Machines have obviously evolved since the early part of the last century, and thankfully so has the gear. Materials are far more advanced these days, so you can wear multiple layers without feeling like the Michelin Man, but you definitely want to ensure that you don’t have any bare skin. You’ll be exposed to the elements and chances are good you’ll be moving briskly.
Offering a selection of late model sleds, I jumped aboard an Arctic Cat Pantera 7000.
Anyone who has ridden a snowmobile knows that acceleration was instantaneous and seemingly endless. The rear track provides a surprising amount of grip to take you across terrain you never thought you’d be able to traverse. This leads you to places you would otherwise never see. Travelling across picturesque landscapes where no other vehicle could go, we toured through rolling snow-covered valleys, passing by farms and cabins, smoke slowly curling from their chimneys like an oil painting.
Following the many trails, we then entered the town of La Baie where we visited the Fjord Museum (Le Musée du Fjord). The short tour allowed us to appreciate the marine species living beneath the ice and the unique geographic situation that caused it to exist.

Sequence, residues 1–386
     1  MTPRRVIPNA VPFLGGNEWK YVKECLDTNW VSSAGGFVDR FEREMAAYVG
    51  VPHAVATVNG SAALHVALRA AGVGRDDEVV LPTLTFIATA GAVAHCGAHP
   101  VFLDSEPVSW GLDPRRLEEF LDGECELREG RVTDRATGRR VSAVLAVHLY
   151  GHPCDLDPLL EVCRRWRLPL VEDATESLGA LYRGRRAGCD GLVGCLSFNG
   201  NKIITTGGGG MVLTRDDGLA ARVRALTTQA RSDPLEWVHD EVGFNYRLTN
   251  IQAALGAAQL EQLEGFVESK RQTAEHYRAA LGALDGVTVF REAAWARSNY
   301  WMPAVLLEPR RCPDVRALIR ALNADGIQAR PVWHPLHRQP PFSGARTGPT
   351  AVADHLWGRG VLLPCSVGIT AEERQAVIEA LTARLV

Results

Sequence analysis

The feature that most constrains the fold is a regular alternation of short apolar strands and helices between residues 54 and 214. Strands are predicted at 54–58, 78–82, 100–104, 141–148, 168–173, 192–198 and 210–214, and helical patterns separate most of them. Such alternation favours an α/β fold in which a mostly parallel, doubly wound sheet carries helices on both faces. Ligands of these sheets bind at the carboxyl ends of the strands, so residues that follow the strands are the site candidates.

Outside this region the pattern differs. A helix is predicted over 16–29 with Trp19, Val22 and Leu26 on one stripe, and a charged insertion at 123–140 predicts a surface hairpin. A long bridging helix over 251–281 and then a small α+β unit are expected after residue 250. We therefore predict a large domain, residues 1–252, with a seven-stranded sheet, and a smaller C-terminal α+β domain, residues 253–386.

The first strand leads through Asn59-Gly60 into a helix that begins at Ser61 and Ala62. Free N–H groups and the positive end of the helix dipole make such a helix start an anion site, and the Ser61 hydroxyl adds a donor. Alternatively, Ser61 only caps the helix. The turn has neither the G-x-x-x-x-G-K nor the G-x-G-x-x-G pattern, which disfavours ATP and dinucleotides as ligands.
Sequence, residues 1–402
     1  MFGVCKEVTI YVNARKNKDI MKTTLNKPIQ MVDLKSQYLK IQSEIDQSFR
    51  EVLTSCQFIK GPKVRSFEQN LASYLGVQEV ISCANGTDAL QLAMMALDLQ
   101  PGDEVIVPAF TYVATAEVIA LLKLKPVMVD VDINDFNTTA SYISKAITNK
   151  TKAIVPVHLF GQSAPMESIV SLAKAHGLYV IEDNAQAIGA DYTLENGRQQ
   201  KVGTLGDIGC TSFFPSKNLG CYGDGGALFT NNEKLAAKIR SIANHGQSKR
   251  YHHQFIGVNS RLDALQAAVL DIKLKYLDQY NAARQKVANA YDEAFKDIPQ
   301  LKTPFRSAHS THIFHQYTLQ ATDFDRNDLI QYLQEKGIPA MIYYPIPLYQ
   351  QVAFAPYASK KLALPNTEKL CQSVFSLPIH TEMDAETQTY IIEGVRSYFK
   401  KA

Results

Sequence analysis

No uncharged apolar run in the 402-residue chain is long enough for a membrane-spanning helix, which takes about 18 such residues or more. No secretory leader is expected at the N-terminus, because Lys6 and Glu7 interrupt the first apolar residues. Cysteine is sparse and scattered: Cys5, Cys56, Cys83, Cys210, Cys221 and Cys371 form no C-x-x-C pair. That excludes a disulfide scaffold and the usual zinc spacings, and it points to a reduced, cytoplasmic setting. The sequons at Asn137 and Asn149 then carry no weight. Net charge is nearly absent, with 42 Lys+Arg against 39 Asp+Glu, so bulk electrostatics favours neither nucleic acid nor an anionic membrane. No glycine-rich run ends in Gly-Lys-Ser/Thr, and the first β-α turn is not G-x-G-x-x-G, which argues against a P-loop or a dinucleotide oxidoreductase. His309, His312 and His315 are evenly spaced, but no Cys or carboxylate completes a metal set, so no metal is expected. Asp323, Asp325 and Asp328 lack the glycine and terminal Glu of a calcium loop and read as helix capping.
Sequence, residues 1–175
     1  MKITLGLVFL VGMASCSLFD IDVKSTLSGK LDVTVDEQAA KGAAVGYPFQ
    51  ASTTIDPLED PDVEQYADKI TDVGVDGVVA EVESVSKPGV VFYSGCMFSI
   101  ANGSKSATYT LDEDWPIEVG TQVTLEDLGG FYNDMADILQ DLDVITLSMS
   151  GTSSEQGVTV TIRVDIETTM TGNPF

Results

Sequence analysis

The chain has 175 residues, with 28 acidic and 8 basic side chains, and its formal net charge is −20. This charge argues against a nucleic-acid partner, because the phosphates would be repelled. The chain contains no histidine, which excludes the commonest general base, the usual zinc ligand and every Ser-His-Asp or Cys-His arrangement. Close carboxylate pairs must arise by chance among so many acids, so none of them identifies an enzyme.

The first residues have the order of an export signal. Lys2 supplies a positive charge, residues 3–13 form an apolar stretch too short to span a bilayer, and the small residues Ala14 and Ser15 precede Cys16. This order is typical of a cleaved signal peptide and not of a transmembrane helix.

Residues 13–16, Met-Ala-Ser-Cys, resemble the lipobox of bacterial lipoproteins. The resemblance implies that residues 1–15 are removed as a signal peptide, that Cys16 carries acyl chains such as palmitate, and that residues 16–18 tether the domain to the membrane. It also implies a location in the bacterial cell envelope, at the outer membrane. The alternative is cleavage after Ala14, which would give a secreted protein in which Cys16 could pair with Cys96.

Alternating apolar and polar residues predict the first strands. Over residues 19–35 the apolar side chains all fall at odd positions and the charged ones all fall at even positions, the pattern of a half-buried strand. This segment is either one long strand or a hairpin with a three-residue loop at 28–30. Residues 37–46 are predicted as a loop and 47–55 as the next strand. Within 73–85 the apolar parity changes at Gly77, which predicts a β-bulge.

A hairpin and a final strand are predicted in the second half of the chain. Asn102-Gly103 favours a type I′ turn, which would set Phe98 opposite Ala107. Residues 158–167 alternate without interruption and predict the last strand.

We then rode the sleds across town to Bistro Café Summum where we warmed up over a delicious lunch before ice fishing on the bay. Fishing huts have come a long way. The one provided by Okwari Adventures was heated, well insulated and fully equipped with everything we needed, aside from talent. We didn’t catch any fish on our first attempt, which just means we must go back and try our hand again. Regrettably we didn’t have any fresh-caught fish for the chef at Auberge des Battures, but that didn’t stop him from preparing an incredible meal.
By the time the month of March rolls around, most Ontarians who aren’t fortunate enough to be snowbirds are cursing Wiarton Willie‘s name and praying for warmer weather. You can spend half the year being miserable and hating the cold weather, or you can embrace it with open arms. If you can’t snowmobile where you live, go find a place where you can! You’ll be glad you did.